Wet and dry sandpaper preferably 800
Lacquer remover or paint stripper (Spray can version)
Spray Primer (etch primer if possible)
Spray Paint such as alloy wheel paint or car paint.
Clear automotive lacquer.
Prepping the wheels
Remove any weights from the front of the wheel before you start.
Give the wheels a quick scrub down with some warm soapy water to remove and surface dirt. Allow the wheels to dry and mask the tyre wall and valves with lots of masking tape, use a few layers to stop the paint stripper soaking through to the tyre.
Only use the paint stripper on the wheel itself, not the centre cap as it will melt it.
Give the wheel a quick rub down with a wire brush to scratch the old lacquer, this is not vital but I found it helped the paint stripper to work better. Spray on the paint/lacquer remover and allow it to work for about 10 to 15 minutes. Do not let it dry on the wheel, spray on more stripper if necessary to keep it wet.
When the surface of the wheel starts to bubble up use a paint scraper or pressure washer to remove the old lacquer and paint. Give the wheel another good wash in soapy water to remove any remaining paint stripper, and allow the wheel to dry.
Once dry use wet and dry paper to smooth all the surfaces for priming. The longer you spend on smoothing the better the end result will be. Wash the again wheel to remove any grime from sanding.
To remove the silver paint from the centre caps use wet and dry paper until the yellow plastic starts to show through. Rinse off the dust and allow it to dry.
Before priming, painting and lacquering make sure that the room is warm and dry and the wheels are at room temperature for best results.
Re-mask the tyre walls and valves with masking tape and or newspaper, you wont need as much this time but make sure to cover the tyre walls and tread with newspaper to avoid getting paint on them.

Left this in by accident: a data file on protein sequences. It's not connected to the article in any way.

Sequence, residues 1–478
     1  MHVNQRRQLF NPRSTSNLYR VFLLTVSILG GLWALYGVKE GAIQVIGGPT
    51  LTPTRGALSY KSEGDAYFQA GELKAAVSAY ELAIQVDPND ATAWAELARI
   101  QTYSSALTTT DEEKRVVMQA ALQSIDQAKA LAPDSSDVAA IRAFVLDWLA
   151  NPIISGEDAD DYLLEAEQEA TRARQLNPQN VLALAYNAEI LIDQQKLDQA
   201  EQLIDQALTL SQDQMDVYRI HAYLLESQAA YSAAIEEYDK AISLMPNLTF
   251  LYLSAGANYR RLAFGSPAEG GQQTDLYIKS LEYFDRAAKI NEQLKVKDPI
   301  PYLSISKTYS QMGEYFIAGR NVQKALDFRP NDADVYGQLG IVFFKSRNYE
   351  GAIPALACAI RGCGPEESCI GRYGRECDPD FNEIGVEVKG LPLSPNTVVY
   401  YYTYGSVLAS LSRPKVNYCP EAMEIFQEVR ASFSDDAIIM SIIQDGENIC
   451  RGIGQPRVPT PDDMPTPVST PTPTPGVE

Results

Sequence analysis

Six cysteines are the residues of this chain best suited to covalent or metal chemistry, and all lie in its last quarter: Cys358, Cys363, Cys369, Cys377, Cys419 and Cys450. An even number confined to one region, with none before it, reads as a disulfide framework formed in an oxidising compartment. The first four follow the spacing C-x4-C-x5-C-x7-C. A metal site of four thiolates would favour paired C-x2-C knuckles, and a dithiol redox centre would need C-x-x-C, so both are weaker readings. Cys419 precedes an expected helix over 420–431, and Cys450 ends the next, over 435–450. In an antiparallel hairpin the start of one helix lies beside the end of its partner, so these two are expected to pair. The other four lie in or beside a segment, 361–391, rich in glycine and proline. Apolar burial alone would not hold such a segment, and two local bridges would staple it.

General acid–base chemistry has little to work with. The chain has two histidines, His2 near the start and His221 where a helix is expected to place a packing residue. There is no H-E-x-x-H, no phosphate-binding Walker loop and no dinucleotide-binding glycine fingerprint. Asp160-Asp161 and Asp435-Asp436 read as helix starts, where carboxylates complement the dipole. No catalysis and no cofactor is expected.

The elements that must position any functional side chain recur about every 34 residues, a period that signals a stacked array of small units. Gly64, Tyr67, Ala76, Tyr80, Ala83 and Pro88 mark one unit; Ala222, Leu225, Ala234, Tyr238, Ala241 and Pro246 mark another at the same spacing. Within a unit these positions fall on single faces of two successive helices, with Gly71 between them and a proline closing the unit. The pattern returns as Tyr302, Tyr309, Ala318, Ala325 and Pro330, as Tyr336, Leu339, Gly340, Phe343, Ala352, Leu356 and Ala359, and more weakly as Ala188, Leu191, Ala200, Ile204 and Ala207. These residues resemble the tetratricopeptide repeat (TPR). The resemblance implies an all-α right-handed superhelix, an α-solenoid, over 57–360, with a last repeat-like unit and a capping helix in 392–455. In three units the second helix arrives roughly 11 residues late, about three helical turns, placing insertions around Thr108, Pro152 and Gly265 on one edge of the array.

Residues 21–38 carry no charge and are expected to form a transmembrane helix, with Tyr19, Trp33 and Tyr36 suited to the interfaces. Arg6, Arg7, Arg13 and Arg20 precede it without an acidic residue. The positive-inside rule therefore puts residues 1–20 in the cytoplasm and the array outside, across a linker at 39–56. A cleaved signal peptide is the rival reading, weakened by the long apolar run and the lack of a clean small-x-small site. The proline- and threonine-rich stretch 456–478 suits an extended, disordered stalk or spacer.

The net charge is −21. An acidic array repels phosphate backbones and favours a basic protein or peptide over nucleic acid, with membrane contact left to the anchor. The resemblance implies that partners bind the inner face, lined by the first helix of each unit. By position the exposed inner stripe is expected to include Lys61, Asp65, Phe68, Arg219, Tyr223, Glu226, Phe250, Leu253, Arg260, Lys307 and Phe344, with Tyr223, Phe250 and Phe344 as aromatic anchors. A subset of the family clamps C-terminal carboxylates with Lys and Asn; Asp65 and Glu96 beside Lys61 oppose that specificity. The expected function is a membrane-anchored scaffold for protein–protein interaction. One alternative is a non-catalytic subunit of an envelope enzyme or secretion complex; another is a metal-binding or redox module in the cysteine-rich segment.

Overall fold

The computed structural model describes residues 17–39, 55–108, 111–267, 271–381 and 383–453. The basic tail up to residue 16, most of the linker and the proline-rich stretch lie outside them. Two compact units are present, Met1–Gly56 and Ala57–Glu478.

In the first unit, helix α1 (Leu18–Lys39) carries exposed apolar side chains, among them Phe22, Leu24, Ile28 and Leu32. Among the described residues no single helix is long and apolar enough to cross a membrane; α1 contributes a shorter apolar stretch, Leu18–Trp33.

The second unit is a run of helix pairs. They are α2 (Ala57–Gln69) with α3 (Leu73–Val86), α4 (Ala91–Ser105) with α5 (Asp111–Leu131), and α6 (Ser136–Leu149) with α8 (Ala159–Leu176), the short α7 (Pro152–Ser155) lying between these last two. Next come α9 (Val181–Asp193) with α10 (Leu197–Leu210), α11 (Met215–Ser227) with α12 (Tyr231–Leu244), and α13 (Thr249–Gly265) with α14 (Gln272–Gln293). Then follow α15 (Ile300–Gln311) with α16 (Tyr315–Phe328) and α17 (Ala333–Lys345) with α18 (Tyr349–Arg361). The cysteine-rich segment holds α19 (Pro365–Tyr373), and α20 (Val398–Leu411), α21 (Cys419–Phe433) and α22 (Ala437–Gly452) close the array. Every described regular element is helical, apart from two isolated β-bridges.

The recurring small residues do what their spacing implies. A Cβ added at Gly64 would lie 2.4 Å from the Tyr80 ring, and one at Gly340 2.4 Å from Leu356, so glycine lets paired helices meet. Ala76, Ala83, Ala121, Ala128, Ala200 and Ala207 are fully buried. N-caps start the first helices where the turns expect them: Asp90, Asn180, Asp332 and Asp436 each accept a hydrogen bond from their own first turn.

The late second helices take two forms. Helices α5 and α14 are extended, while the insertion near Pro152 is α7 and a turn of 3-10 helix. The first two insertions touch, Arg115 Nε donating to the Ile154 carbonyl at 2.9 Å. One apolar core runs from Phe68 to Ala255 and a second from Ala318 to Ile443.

Spray on the primer using overlapping strokes, hold the can about 20cms away from the wheel and centre caps. Build the primer up little by little leaving about 10 to 15 minutes drying time between coats. Give the wheels 3 to 4 coats of primer and leave to dry for about an hour.
Using the same method as for the primer build up the layers of paint slowly, making sure to get an even coverage on the wheel. The longer you take over painting will result in a better finish. Spray the paint on so that the wheel looks wet and smooth, but be careful not to use to much otherwise the paint will run. Again give the wheels about 3 to 4 coats with 15 minutes between each coat, and allow about an hour for the paint to dry before spraying on the lacquer.
As with painting and priming make sure the room is warm and dry before lacquering. Spray on the Lacquer with over lapping strokes doing each spoke at a time, try to get the same glass like finish when spraying. Allow at least 15 minutes between each coat of lacquer.
The more layers of lacquer you use the more protection it will provide, so anywhere between 3 and 5 coats should be sufficient. Once all the coats have been sprayed remove the masking tape from the tyre. Carefully run a knife around the rim to remove any masking tape which may have stuck to the paint. Leave the wheels and centre caps to dry for at least 24 hours in a warm dry room.
Leave up to 5 days before polishing the surface to ensure that it has fully set.
Fit the wheels and have them rebalanced, stand back and enjoy!
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Created : 2011-10-06 12:11:12, Last Modified : 2018-07-25 11:10:09